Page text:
It is just one more example of what our democracy has become ... by the corporations, for the corporations.Max, Sugarland, Texas
It probably means that there are three times as many idiots in Washington as we thought there are.Mark, Philadelphia, PennsylvaniaWhat's wrong with the U.S. military strategy in Iraq?
We don't have a military strategy in Iraq. The war was planned and is being run by the worst administration in U.S. history. The only thing that the military is allowed to do is try to defend the bad decisions made by Secy. Rumsfeld.Barbara, Middletown, New York
Strategy? What strategy? Our Secretary of Defense and the generals have no strategy.Joe, Ft. Davis, Texas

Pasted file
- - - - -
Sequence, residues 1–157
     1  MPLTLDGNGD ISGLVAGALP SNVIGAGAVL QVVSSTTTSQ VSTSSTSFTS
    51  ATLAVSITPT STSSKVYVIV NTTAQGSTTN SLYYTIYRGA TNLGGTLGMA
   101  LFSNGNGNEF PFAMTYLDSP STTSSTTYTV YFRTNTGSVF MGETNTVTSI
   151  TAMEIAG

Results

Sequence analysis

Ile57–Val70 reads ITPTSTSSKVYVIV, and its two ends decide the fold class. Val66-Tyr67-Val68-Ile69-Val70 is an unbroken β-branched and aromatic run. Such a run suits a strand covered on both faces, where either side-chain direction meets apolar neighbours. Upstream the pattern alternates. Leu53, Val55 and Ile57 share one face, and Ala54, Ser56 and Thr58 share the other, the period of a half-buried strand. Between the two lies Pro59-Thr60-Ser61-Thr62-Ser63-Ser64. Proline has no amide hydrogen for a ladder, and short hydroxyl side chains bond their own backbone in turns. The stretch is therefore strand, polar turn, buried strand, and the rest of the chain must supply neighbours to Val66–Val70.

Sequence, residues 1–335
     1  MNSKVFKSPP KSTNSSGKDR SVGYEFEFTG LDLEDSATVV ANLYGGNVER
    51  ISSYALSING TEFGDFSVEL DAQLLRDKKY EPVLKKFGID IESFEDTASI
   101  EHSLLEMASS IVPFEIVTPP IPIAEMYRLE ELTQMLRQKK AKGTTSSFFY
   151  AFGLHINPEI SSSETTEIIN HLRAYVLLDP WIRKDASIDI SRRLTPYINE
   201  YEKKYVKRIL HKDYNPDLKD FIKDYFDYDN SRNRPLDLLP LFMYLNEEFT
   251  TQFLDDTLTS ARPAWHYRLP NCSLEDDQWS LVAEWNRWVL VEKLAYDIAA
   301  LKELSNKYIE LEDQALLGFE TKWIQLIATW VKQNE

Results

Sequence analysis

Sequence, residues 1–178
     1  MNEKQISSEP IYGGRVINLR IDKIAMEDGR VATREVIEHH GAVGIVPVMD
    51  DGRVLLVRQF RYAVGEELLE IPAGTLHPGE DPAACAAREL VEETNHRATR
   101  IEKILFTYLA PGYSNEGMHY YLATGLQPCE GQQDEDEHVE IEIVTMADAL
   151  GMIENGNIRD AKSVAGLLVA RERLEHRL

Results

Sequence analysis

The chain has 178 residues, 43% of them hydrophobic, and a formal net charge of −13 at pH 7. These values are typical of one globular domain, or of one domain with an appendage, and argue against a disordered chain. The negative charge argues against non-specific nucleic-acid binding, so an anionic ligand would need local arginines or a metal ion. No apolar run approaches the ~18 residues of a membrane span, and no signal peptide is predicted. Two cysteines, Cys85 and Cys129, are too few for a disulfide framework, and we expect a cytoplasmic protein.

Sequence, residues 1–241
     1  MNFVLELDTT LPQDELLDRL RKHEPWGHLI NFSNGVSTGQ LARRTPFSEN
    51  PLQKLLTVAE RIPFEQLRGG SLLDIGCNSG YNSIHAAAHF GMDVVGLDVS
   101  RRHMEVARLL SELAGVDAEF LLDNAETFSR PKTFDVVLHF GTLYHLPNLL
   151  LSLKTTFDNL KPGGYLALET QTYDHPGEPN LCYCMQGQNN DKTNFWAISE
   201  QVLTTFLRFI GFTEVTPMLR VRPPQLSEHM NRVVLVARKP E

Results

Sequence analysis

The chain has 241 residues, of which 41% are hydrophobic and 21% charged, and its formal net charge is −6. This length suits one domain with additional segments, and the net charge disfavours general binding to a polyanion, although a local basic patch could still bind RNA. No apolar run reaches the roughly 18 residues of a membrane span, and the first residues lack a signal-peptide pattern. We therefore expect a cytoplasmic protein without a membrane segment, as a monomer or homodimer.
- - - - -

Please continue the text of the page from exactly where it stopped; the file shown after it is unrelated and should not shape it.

The list is long however, taking Saddam Hussein out of power seems to be the biggest mistake. He seemed to know how to quell centuries of hatred better than we and probably with less bloodshed.Mark, Freemont, California
What's wrong with US policy in Iraq? Simple, Jack, 3 words: It ain't working.Diane, Baltimore, Maryland
Lieberman accuses Lamont of lying about blogger relationships
Ned Lamont's Senate campaign has been bolstered by the support of liberal bloggers.
Joe Lieberman's Connecticut Senate campaign
is accusing Democratic challenger Ned Lamont
of lying about his relationship with bloggers after a liberal web site posted a doctored photo of Lieberman in blackface on the web.
Questioned by reporters after campaigning in Bridgeport, Conn. about the controversial graphic, Lamont reportedly
said, "I don't know anything about the blogs. I'm not responsible for those. I have no comment on them."